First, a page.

My Grandma knew a lot about war. Grandpa fought in WW 1, and later seven of her eight sons, who were pilots in the Royal Air Force were killed in WW II. On the wall of the lobby of her house she had hung the proud photographs of each of her boys when they got their wings, and later it seemed like each time we visited her during that war, one more photograph was turned face to the wall and the official notification telegram was pasted on the back.
Even to this day I can recall the text of the beginning of those telegrams which were printed under the royal coat of arms, and which read, “His Majesty’s Principal Secretary for Air regrets to inform you that this day your son, (name) was killed in action. On behalf of a grateful nation, His Majesty extends his most sincere condolences on this tragic loss……..” As a boy I was always taken with Grandma’s stoicism in the face of such losses, and I wondered, (then as now), how she managed to retain any semblance of her normal demeanor which was always so much in charge and under control.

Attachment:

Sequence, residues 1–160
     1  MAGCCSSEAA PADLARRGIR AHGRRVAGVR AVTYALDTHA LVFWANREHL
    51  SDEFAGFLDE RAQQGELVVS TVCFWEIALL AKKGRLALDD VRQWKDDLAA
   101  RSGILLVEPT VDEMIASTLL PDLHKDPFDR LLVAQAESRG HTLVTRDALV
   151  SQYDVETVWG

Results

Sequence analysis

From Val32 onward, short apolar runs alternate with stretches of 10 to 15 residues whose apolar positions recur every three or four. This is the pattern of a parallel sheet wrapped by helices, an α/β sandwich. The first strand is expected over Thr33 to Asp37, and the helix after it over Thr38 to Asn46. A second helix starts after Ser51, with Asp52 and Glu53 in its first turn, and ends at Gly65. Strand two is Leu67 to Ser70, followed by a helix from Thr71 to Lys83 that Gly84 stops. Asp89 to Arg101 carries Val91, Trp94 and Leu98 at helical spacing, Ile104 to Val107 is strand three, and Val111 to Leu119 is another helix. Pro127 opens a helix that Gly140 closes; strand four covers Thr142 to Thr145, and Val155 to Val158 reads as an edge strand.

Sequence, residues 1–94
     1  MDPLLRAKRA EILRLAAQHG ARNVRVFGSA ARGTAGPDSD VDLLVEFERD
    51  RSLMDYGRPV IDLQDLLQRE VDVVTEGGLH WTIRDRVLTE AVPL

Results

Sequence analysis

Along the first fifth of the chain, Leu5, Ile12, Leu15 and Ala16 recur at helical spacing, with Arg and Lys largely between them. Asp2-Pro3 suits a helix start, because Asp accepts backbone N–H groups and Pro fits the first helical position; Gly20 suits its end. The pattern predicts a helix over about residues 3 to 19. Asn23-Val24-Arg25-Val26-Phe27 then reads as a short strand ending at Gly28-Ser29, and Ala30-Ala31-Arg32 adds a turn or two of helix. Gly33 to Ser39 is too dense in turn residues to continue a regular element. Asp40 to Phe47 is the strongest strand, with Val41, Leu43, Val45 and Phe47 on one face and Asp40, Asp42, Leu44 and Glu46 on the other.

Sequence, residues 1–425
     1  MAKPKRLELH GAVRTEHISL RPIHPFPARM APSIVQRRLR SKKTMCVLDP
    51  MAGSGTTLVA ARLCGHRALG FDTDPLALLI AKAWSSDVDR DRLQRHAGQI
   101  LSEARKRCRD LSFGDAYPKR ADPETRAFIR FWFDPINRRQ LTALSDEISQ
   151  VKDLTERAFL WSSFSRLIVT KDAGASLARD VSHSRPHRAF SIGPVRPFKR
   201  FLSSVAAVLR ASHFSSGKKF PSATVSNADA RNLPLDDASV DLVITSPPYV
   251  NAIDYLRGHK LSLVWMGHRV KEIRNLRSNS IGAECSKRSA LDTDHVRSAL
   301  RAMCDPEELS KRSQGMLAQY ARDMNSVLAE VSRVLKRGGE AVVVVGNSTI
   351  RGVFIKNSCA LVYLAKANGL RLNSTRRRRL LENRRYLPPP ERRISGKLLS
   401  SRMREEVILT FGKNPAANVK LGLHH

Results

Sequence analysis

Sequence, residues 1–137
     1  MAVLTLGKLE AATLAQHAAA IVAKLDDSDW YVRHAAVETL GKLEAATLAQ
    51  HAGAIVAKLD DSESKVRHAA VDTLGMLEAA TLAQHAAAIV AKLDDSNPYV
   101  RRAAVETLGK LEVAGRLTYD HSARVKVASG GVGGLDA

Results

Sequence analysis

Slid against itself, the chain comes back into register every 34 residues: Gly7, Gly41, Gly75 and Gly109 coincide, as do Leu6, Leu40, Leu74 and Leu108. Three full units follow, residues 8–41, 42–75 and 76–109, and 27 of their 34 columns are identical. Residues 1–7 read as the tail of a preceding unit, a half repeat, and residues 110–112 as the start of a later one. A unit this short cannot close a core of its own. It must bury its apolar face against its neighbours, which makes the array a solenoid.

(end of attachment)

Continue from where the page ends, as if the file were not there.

When I foolishly spoke with boyish enthusiasm of the glories of our military, the pride of uniform, and my fears that the war would end before I could get to the fighting, she spoke to me of war in the direst terms as a failure of old men to recognize that their quarrels were killers of young men, and represented a total failure of civilized behavior.
In support of her beliefs, she frequently quoted the epigram, “In peace, sons bury their fathers. In war, fathers bury their sons.” It was not until many years later, when I was studying history, that I learned that the quote was attributed to Herodotus, the ancient Greek historian who lived in the 5th century BC (c. 484 BC – c. 425 BC). He has been called the “Father of History.”
In more contemporary terms her sentiments were perhaps best exemplified by the words of Dwight D. Eisenhower, when he opined sadly in 1942, “I hate war as only a soldier who has lived it can, only as one who has seen its brutality, its futility, its stupidity.”